Cerebral palsy and nutrition

Please note that any child’s pediatrician should be consulted prior to initiating a diet plan. This is not intended to be medical advice.

Cerebral palsy is a group of motor disorders that cause problems with muscle control, balance, posture and coordination. It is caused by an injury to the developing brain, which often occurs during or near the time of birth. 

When children have cerebral palsy, there are problems in communication between their brain and their muscles. The condition can affect muscles throughout the body, including oral-facial muscles, which means a child may have trouble swallowing, chewing, and simply holding liquid in their mouth. When a baby can’t drink milk because it leaks out of their mouth, or a child has a difficult time chewing and swallowing food, nutritional problems can occur. Poor nutrition can cause problems with weight gain, and it can even make the child more vulnerable to infections. Some children with cerebral palsy struggle so much with movement that they burn a lot of calories. Their metabolic demand is so high that they have a hard time taking in enough calories, especially if eating is difficult for them.

Feeding strategies

Nutrition is very important for children with cerebral palsy.  Listed below are strategies that some parents use to help their children get adequate nutrition. 

  • To facilitate swallowing, parents can prepare semi-solid food, such as strained fruits and vegetables. Sitting up and extending the neck away from the body can help prevent choking.
  • Reflux can be a problem for children with cerebral palsy (usually due to problems with the lower esophageal sphincter (LES) muscle), and reducing intake of certain foods can help prevent this uncomfortable and sometimes dangerous problem. Reflux increases the risk of choking.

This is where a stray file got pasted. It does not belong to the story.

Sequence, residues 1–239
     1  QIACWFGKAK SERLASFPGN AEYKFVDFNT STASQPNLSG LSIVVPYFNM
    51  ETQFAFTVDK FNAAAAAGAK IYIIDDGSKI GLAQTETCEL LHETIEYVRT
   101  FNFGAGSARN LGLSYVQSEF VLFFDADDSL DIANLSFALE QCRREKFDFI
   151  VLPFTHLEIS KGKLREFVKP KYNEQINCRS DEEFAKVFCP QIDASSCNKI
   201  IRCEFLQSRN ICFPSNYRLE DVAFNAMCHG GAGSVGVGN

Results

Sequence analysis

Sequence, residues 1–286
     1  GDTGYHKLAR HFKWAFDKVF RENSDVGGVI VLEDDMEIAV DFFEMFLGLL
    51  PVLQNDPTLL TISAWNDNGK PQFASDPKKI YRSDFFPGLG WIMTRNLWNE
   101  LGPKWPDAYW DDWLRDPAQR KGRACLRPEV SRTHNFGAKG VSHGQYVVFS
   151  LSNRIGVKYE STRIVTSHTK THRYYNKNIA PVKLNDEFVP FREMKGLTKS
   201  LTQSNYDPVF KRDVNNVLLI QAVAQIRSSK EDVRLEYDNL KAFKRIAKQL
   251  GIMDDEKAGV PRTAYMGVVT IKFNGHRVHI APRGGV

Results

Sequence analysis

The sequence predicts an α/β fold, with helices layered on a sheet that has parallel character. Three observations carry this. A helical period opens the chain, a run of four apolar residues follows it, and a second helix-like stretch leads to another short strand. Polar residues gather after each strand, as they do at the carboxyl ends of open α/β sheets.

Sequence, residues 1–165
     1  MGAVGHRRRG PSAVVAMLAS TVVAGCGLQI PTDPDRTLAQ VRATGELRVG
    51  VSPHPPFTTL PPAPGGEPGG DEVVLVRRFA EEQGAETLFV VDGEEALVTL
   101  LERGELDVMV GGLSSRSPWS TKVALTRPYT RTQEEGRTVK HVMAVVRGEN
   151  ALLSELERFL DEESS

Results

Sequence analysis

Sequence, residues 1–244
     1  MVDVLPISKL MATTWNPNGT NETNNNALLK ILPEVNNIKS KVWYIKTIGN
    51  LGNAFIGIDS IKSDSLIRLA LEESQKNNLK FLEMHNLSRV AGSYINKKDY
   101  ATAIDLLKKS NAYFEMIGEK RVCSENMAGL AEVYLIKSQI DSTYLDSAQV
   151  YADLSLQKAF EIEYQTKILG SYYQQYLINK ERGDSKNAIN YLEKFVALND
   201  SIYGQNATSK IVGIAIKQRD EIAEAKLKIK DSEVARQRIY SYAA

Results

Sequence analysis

Below is a list of foods that can cause reflux.

  • High fat foods, such as French fries, onion rings, whole milk, regular cheese, sour cream, ice cream, and potato chips, and high-fat meats, such as bacon and creamy sauces.
  • The National Institutes of Health (NIH) have identified tomatoes and citrus fruits as foods that can cause or worsen reflux (1).
  • Researchers from Harvard Medical School found chocolate to be a trigger for reflux (2).

Foods that can help reduce symptoms of reflux include the following:

  • Fiber may help protect against reflux. One study found that people who ate a diet high in fiber were 20% less likely to experience reflux.
  • Decreasing the child’s consumption of starches and avoiding the combination of starch with an animal protein can help prevent both constipation and reflux. Some good starches to eat are brown rice, lentils, quinoa and yams.
  • Half a teaspoon of cod liver oil every day is good for the brain and eyes.  DHA, the fatty acid found in fish oil, is critical for nervous system development.
  • Protein such as chicken, lentils, or salmon at every meal is a healthy way to increase calorie consumption.
  • A wide variety of vegetables is also very healthy, and one way to accomplish this is to make a stew. Celery, carrots, leeks, parsnips, spinach, peas and scallions are some of the vegetables recommended by dieticians.